Friday, January 23, 2015

Making a go of it

-David Schraub has a fascinating article about British anti-Semitism, the law, and more. Read it.

-Rachel Hills has a sweeping feature about female sexual fluidity. Read that, too. Yes, I arrived at the story with a few preexisting gripes about how the topic is generally covered, but Rachel addressed basically all the ones I might have come up with. Although I do have one remaining question - for Rachel, but also for WWPD readers: Why are the onscreen same-sex couples of erotic interest to straight women lesbians rather than gay men? It makes sense what Rachel found, about straight women being put off by scenarios that are demeaning to women or about enforcing gender roles, but this doesn't explain why two women, as versus two people of the gender to whom straight women are, by definition, attracted. I wonder if - and I realize this is a bleak interpretation - this isn't just a case of women being socialized to look at images of women's bodies, in the non-sexual realm. (Fashion magazines, thigh-envy, etc.)

-Obligatory self-promotion: Today was my radio debut. Veronica Rueckert invited me on "Central Time" on Wisconsin Public Radio to talk about undersharing. Given the number of public-radio podcasts I've listened to while walking Bisou, I figured I'd have some sense of how this sort of thing goes, but was still petrified for the first minute or so. I now have a newfound respect for everyone who goes on these shows and manages not to babble.

6 comments:

Rachel @ Musings of an Inappropriate Woman said...

Glad you liked the story! Re: gay porn versus lesbian porn, I think it's a matter of "and" rather than "or" - there are LOTS of women who like gay male porn too. Because (as I know you know) women are people, not a category, and they don't all like the same things. In fact, when I first started working on this story, a lot of the experts I approached assumed that it would be about gay male porn.

Interesting take on Andrew Sullivan's blog, too - I'd never thought of it that way. I see a lot of the same social forces you do at play, but tend to think of sexuality as a driving desire for pleasure and connection whose gender direction is learned rather than innate in many cases (very Freudian of me). Or rather, I think that some people are very strong 0s and 6s on the Kinsey scale, but many more people would be open to people of both genders if we didn't live in a society that was so "Heterosexual or else!" (Or for gay men in particular, "Pick a team or else!") I've heard the same fluidity Lisa Diamond has, in both gay people and straight people, men and women, even if it's only a matter of, "In another time and place, sure." That said, I also think that human sexuality IS complexly social by its very nature (because humans are complexly social), so there is no such thing as a hidden "true" sexuality we would enact if only we didn't have that pesky culture to deal with.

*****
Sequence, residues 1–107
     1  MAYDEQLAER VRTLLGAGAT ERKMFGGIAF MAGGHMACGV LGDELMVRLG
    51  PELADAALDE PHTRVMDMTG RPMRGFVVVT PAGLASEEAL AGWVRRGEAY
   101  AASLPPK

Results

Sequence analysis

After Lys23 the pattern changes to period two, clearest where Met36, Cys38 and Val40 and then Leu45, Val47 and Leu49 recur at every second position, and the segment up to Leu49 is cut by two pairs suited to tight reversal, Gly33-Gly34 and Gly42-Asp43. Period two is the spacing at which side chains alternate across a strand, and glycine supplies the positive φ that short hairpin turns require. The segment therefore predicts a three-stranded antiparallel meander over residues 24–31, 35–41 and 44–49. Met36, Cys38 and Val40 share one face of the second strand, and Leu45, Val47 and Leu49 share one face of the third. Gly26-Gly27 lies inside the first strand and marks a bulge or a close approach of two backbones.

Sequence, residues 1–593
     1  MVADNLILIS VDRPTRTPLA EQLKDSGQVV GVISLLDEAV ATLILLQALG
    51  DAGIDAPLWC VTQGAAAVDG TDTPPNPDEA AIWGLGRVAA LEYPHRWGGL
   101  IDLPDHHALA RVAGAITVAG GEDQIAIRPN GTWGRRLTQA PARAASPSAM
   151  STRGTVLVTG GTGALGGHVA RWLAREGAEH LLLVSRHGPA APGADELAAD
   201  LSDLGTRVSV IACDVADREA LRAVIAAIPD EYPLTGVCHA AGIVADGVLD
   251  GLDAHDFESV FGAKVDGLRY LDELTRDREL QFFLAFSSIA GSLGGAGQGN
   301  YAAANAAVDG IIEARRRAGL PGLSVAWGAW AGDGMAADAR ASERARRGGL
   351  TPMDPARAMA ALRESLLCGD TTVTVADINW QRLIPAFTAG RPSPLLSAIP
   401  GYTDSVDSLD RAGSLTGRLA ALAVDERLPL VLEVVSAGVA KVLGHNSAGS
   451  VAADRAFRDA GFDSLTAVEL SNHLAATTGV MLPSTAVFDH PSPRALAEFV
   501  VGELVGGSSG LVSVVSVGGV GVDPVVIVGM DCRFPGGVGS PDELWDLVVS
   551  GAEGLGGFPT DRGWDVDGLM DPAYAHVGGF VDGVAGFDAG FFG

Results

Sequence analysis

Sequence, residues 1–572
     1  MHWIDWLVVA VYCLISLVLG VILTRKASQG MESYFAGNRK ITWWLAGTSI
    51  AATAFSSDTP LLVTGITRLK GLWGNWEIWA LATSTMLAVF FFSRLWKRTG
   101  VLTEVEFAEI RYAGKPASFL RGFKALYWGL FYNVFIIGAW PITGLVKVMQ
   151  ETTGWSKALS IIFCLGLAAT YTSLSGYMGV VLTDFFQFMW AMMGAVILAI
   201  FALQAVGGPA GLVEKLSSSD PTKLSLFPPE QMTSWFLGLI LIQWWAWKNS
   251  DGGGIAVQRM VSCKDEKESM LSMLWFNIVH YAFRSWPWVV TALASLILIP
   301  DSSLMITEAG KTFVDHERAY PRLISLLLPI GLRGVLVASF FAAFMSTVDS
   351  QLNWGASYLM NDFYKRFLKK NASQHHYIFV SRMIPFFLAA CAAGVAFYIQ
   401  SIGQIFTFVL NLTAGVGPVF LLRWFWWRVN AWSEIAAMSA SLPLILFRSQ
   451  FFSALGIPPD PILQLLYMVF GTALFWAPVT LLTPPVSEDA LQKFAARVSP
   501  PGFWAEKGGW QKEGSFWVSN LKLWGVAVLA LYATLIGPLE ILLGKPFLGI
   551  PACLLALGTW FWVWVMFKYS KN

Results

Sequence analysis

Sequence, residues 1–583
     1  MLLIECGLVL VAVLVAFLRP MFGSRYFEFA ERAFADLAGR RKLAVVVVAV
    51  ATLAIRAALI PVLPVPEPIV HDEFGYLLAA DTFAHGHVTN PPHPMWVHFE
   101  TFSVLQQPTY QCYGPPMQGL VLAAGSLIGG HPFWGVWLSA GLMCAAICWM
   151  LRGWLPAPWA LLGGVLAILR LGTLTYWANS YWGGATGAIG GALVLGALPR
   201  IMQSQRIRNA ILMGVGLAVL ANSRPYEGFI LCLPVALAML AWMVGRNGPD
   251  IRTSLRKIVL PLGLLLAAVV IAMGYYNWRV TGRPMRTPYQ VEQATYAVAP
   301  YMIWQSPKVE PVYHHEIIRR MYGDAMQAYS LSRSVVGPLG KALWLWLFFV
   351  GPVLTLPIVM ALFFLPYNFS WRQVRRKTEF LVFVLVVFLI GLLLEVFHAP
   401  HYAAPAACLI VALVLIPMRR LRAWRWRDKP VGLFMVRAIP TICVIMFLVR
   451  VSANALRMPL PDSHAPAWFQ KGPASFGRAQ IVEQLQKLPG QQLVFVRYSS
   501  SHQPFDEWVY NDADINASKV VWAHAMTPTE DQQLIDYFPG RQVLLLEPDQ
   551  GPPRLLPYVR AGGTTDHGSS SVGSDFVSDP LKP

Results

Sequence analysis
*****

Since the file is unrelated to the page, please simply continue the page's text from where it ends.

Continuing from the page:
Phoebe said...

Rachel,

Your point "that human sexuality IS complexly social by its very nature (because humans are complexly social), so there is no such thing as a hidden "true" sexuality we would enact if only we didn't have that pesky culture to deal with" seems right. It makes me think that my issue has really been with people claiming that women but not men are innately sexually fluid (and that women are innately interested in what just so conveniently happens to titillate men).

"In fact, when I first started working on this story, a lot of the experts I approached assumed that it would be about gay male porn."